Hairstylists are forever telling us to lather up less frequently for healthier, shinier hair. But don't get too cozy with your dry shampoo—product buildup attracts dirt and weighs down hair, leaving it dull and weak. Washing your hair two or three times a week strips away layers of product and excess oil. Use a clarifying formula once a month. It cuts through grease that gentler sulfate-free shampoos can miss and leaves hair primed to soak up the smoothing ingredients in your conditioner.
Hair is at its weakest and most elastic when it's really wet. The tight pull of a brush—especially a natural-bristle one—can overstretch the hair shaft and lead to breakage, says cosmetic chemist Joseph J. Cincotta. A better detangling strategy: Use your fingers or a wide-tooth comb to work through knots while your hair is coated with conditioner in the shower.
Remember that last slide? You shouldn't be brushing superwet hair. Plus, the sooner you start blow-drying, the longer your hair is exposed to damaging heat. Start your blowout when your hair has already air-dried at least 50 percent of the way. And you know what? The final result will be exactly the same. "You hair's pattern is set when you're taking it from just slightly damp to dry," says Jeni Thomas, a principal scientist at Pantene. She recommends squeezing out excess moisture with a towel (microfiber ones minimize friction—and frizz) and then letting hair air-dry as much as possible—up to 90 percent—before finishing with a brush and blow-dryer.
Natural-bristle brushes are great for grabbing thick, slightly damp hair and smoothing it out during a blowout. But they create too much tension on fine or damaged hair. Vent brushes are a gentler option. Their rubber-tipped bristles glide through the hair, and they have open backs that allow air and moisture to pass through for a quicker blow-dry (remember, less time means less damage).
TIP: Check comb teeth for seams or roughness (there shouldn't be any) and run your brush along the inside of your arm. If there are any scratches, toss it. If it harms your skin, it's going to harm your hair, too.
One more time: Heat damages your hair. We're not suggesting you swear off it completely, but you need to keep temperatures in check. "If your blow-dryer hurts your scalp, it's too hot," says Thomas. Your best bet is to use one with at least 2000 watts and set it on medium heat. That way, you're relying more on airflow than on heat to eliminate moisture. And never, ever turn your flatiron above 350 degrees.
Yanking of any kind doesn't do your hair any favors, but it's especially damaging when the weapon of choice is a flatiron. "The combination of heat and a pulling action can really weaken your hair," says Thomas. So go easy with your iron. And always, always use a heat-protecting styler first. Most contain some combination of silicones, cetyl alcohol, and quaterniums, all of which help the iron glide along the hair shaft without tugging.
When it comes to putting that final gloss on your hair, a silicone is not a silicone is not a silicone. The ones found in spray formulas (they usually have a "cyclo" prefix) can dry out hair over time, says cosmetic chemist Ni'Kita Wilson. Serums that contain dimethicone or phenyl trimethicone are a safer bet. Just remember that using any kind of hair serum or oil (many of which contain more silicones than actual oils) is a bit like happy hour: Get too enthusiastic and you'll have a big, sloppy mess on your hands. Comb a drop—and only a drop—through damp hair before drying and styling as usual. And as long as you shampoo a few times a week, don't worry about silicone buildup. It rinses right out.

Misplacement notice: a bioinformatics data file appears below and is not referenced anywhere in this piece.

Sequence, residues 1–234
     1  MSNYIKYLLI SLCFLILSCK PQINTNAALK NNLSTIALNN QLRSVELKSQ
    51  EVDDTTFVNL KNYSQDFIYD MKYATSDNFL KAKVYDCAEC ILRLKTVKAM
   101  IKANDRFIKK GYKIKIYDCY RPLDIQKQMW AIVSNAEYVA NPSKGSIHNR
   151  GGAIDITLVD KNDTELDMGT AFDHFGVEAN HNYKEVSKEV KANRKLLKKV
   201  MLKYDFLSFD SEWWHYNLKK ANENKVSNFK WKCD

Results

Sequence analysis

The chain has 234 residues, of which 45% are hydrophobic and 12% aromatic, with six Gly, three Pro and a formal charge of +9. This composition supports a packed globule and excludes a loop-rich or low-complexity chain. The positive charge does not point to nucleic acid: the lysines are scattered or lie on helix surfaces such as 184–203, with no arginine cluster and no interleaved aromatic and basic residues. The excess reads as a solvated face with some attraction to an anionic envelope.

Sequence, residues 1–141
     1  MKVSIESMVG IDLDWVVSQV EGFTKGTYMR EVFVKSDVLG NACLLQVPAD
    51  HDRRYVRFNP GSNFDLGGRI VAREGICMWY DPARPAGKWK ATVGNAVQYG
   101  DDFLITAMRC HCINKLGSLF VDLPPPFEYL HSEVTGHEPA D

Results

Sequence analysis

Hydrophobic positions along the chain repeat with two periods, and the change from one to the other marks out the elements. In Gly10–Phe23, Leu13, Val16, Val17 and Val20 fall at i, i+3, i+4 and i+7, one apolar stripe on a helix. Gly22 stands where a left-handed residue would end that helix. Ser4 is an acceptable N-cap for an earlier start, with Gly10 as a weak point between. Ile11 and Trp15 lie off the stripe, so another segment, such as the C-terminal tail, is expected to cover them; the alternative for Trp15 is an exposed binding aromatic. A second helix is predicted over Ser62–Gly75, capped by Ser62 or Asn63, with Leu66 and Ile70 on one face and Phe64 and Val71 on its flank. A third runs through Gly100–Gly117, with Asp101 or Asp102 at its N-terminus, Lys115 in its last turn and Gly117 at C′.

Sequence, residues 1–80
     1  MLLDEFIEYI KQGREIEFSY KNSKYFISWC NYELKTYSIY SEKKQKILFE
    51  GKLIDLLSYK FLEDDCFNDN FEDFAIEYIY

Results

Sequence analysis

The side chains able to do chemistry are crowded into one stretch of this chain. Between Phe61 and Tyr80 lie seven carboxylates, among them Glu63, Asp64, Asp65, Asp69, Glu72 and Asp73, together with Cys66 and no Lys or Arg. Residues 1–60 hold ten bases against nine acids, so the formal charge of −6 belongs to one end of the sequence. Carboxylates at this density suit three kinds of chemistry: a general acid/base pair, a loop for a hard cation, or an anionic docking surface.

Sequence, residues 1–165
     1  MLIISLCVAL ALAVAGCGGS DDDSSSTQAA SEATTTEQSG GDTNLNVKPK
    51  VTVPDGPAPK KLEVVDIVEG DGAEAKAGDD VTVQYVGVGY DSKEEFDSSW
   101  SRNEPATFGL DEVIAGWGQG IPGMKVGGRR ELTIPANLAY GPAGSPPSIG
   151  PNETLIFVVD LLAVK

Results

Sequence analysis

We're not mandating extension abstinence, but an occasional detox could mean the difference between bald patches and full, healthy hair. Weaves sew tracks to tight braids, which tug at the hairline, and lace-front wigs act almost like epilators, yanking out the hair, says Wilson. "That's when you see traction alopecia, where the hairline recedes from tight pulling." Clip-in pieces are the most gentle option; they're very temporary and very easy to remove. Glue-in extensions last a few days, and tape-in varieties stay put for several weeks; both cause minimal damage if they're taken out properly (and professionally). But if you're a die-hard sew-in fan, Wilson recommends wearing extensions for a maximum of eight weeks and taking at least a two-week break in between.
You should be able to go about four to six weeks between dye jobs. If you find yourself needing more frequent color upkeep—which can stress and damage hair—make a few changes at home: First, avoid styling products with alcohol, since they strip away dye and expedite fading. Put a filter on your showerhead to prevent chlorine and minerals from breaking down color, and always use a shampoo and conditioner formulated for color-treated hair.
Just like the peroxide in permanent hair color, relaxers are chemicals that can destroy the hair if they're not applied properly. "A relaxer should be done by a professional every four to eight weeks, depending on your hair growth," says hairstylist Ursula Stephen. "And when you go back for a touch-up, the solution should be applied only to the new growth." Some stylists pull it through the whole strand, which leads to dryness and, eventually, breakage.
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